Neuromuscular activity of upper and lower limbs during two backstroke swimming start variants

Karla De Jesus, Kelly De Jesus, Alexandre I.A. Medeiros, Pedro Gonçalves, Pedro Figueiredo, Ricardo J. Fernandes, João Paulo Vilas-Boas

Research output: Contribution to journalArticlepeer-review

8 Citations (Scopus)


A proficient start is decisive in sprint competitive swimming events and requires swimmers’ to exert maximal forces in a short period to complete the task successfully. The aim of this study was to compare the electromyographic (EMG) activity in-between the backstroke start with feet positioned parallel and partially emerged performed with the hands on the highest horizontal and on the vertical handgrip at hands-off, take-off, flight and entry start phases. EMG comparisons between starting variants were supported by upper and lower limb joint angles at starting position and 15 m start time data. Following a four-week start training to familiarize participants with each start variant, 10 male competitive backstroke swimmers performed randomly six 15 m maximal trials, being three of each start variant. Surface EMG of Biceps Brachii, Triceps Brachii, Rectus Femoris, Biceps Femoris, Gastrocnemius Medialis and Tibialis Anterior was recorded and processed using the time integral EMG (iEMG). Eight video cameras (four surface and four un-derwater) were used to determine backstroke start phases and joint angles at starting position. EMG, joint angles and temporal parameters have not evidenced changes due to the different handgrips. Nevertheless, clear differences were observed in both variants for upper and lower limb muscles activity among start-ing phases (e.g. Biceps Brachii at take-off vs. flight phase, 15.17% ± 2.76% and 22.38% ± 4.25%; 14.24% ± 7.11% and 25.90% ± 8.65%, for variant with hands horizontal and vertical-ly positioned, respectively). It was concluded that different handgrips did not affect EMG, kinematics and temporal profile in backstroke start. Despite coaches might plan similar strength training for both start variants, further attention should be given on the selection of proper exercises to maximize the contribution of relevant muscles at different starting phases.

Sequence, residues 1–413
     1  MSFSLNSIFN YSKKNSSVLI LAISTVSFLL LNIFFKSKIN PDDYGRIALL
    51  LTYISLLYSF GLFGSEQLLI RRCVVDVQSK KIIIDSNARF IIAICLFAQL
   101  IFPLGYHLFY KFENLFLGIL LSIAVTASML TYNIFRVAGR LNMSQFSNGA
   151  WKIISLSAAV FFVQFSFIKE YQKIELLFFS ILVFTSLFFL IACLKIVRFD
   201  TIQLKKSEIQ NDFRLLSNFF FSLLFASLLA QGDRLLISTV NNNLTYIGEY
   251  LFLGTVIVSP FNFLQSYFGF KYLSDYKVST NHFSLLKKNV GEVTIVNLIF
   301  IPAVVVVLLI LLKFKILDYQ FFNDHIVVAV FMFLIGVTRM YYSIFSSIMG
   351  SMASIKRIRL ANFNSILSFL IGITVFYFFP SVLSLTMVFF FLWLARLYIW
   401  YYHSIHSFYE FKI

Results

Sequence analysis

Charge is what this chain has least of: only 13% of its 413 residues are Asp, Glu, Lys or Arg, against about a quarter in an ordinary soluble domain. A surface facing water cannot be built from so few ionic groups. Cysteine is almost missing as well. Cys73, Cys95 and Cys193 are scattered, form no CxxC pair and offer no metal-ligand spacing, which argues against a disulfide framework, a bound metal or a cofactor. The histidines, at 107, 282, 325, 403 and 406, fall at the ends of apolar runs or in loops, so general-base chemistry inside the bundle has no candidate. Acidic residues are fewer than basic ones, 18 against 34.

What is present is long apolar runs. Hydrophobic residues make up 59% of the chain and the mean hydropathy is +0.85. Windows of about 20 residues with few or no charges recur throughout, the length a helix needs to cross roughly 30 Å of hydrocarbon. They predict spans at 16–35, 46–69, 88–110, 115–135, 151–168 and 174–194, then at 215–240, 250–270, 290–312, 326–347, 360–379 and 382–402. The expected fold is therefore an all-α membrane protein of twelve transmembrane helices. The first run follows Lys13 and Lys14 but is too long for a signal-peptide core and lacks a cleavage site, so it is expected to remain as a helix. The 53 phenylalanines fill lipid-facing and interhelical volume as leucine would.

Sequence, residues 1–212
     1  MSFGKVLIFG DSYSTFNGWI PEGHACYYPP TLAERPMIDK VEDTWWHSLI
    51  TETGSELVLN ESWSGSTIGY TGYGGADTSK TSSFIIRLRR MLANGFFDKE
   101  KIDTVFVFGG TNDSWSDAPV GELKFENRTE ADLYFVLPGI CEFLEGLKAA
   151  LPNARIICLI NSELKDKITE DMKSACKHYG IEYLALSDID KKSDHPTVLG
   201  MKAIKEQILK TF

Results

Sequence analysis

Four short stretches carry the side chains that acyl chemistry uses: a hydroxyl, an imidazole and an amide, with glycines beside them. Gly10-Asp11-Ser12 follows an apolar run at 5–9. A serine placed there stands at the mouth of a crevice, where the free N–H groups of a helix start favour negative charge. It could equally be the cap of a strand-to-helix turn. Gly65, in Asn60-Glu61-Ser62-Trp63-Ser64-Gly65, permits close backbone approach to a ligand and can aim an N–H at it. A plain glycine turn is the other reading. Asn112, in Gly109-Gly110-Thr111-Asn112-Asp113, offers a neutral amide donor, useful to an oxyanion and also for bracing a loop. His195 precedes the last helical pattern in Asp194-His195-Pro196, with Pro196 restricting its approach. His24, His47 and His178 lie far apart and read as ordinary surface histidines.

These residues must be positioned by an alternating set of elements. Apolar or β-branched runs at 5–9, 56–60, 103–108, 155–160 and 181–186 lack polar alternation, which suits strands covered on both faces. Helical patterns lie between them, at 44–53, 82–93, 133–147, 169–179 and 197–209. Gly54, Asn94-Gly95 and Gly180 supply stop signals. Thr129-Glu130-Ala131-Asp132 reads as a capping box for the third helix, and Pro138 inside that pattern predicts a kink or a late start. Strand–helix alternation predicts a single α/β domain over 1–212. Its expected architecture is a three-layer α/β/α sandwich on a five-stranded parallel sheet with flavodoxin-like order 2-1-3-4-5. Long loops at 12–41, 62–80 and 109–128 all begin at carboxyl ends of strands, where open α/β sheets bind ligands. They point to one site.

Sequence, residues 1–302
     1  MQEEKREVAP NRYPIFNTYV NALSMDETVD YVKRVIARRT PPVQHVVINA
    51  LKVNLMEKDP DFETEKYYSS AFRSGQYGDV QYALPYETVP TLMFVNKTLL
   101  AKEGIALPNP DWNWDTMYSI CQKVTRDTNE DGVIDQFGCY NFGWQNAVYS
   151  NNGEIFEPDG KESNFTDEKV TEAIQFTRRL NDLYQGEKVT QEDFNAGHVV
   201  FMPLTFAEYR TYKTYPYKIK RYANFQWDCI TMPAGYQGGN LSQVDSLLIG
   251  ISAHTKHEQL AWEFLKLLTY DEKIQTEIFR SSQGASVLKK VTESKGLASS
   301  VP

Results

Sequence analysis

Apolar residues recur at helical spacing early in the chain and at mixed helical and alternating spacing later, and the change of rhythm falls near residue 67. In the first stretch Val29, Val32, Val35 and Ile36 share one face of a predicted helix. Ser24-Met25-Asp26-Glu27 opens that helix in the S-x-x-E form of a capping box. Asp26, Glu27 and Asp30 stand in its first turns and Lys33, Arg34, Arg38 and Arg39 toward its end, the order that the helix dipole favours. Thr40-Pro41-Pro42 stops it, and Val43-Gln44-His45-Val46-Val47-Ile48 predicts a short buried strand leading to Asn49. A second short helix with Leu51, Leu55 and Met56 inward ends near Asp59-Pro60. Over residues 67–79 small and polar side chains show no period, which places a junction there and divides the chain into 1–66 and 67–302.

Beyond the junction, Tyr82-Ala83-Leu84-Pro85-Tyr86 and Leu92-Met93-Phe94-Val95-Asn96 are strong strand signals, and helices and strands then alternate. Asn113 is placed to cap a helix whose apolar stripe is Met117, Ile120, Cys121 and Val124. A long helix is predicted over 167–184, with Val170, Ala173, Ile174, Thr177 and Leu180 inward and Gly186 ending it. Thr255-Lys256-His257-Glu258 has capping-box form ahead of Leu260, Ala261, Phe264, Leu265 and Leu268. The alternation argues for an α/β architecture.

Original languageEnglish
Pages (from-to)591-601
Number of pages11
JournalJournal of Sports Science and Medicine
Issue number3
Publication statusPublished - Sept 1 2015
Externally publishedYes


  • Backstroke events
  • Biomechanics
  • Starting technique
  • Surface electromyography

ASJC Scopus subject areas

  • Orthopedics and Sports Medicine
  • Physical Therapy, Sports Therapy and Rehabilitation


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